The Park Avenue Synagogue website cites Robinson’s many commissions, including from the Archbishop of Canterbury, the San Francisco Symphony, and the American Guild of Organists.

McNeil Robinson Improvisation, Part 1

McNeil Robinson Improvisation, Part 2

Victor Salvi, Harpist and Maker of Harps

Victor Salvi on the Museo dell’Arpa Victor Salvi

Quick! How many harpists (string, not harmonica) can you identify by name? Before this post, I sadly could only come up with two–Harpo Marx and the late Derek Bell (of the Chieftains).

Victor Salvi (March 4, 1920-May 10, 2015) came from a family of musicians and musical instrument makers. (His brother, Alberto Salvi, was deemed “the greatest harpist of all time” by celebrated Spanish harpist Nicanor Zabaleta.)

Salvi himself played with numerous distinguished orchestras, including the St. Louis Sinfonietta, the New York Philharmonic, and the NBC Symphony Orchestra under the direction of Arturo Toscanini.

Debussy “Le Mer” performed by the NBC Symphony Orchestra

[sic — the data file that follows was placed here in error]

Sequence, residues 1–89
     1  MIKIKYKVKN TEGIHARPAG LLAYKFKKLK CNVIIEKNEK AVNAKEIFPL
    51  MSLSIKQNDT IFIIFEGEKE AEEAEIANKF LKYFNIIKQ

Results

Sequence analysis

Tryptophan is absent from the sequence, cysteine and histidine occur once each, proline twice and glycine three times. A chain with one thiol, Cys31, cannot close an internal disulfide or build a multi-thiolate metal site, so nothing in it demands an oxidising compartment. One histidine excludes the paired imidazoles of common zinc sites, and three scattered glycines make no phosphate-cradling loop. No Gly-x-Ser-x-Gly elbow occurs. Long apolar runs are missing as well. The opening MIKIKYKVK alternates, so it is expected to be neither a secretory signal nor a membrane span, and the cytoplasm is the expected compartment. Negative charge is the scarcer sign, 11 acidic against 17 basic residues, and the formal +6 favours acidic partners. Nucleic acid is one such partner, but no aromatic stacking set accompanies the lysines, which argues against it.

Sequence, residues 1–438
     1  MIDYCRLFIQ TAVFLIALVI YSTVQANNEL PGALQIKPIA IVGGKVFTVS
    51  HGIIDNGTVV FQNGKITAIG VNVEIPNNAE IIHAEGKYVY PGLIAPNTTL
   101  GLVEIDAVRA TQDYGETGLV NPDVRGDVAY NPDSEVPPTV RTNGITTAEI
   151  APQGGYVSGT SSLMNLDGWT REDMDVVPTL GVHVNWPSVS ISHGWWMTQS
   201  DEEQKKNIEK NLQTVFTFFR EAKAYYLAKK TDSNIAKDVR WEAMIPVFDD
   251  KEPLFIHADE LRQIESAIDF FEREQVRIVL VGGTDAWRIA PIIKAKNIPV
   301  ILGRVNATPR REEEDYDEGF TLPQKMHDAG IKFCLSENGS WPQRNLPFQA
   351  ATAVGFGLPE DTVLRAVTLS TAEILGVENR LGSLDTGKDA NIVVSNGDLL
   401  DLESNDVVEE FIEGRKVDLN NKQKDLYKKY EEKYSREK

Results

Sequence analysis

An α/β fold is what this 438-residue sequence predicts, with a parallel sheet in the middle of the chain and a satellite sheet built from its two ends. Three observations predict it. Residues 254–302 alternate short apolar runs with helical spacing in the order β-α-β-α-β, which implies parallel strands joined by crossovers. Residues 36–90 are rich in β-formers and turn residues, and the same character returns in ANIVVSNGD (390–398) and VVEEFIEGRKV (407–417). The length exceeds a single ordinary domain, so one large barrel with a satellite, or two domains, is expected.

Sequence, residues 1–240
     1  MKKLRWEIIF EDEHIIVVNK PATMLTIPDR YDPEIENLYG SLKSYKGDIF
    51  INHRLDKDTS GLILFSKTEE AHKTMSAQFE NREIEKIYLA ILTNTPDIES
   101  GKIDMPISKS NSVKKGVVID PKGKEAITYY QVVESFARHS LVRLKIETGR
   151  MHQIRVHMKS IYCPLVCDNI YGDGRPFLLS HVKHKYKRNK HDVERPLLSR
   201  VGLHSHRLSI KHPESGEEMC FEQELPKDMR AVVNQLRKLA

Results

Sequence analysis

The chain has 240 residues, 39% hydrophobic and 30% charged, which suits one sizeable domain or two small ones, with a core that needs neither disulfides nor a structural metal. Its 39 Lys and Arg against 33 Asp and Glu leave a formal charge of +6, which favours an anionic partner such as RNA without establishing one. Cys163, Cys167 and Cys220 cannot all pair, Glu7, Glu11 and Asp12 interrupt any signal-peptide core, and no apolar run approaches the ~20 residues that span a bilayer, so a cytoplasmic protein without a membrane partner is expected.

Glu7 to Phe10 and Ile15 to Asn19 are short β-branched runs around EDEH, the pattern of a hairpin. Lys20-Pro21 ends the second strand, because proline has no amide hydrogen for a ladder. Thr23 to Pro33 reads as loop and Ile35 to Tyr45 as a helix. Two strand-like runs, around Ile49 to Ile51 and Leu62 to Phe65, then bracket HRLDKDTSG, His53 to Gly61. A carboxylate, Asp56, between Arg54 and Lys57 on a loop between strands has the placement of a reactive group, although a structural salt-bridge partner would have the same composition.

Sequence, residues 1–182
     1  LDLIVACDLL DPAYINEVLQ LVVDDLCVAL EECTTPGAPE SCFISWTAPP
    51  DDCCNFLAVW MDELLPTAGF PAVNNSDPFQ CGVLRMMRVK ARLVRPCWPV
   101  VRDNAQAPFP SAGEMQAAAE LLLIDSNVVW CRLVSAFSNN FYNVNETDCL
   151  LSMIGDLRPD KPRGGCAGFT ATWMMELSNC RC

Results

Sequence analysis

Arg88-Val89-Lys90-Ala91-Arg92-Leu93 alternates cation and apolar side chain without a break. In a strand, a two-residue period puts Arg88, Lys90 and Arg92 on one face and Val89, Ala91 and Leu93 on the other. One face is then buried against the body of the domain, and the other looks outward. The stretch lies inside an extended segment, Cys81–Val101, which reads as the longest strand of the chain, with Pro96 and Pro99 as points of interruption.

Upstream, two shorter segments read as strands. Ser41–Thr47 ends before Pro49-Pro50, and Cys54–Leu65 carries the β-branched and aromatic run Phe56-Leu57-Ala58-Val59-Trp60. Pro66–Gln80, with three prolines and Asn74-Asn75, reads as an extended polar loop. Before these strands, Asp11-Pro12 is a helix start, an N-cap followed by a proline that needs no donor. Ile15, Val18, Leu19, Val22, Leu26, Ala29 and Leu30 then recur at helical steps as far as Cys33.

In the 1950s, he returned to his ancestral home in Italy and founded his own harp company, Salvi Harps, which has grown to become one of the pre-eminent makers of harps in the world.

“What is harp?”

Bob Belden, Jazz Saxophonist, Arranger and Diplomat

“New Song No. 2,” with Animation at the Jazz Standard

Music and musicians have often played a role in soothing relationships between nations. Louis Armstrong penetrated the Iron Curtain at a concert in East Berlin in 1965. Recently, the Minnesota Orchestra contributed to the thawing of relations between the US and Cuba through a series of concerts and workshops in Havana.

Perhaps less known is a concert that took place this year, when New York saxophonist Bob Belden performed with his group Animation in Tehran, the first US group to do so since 1979.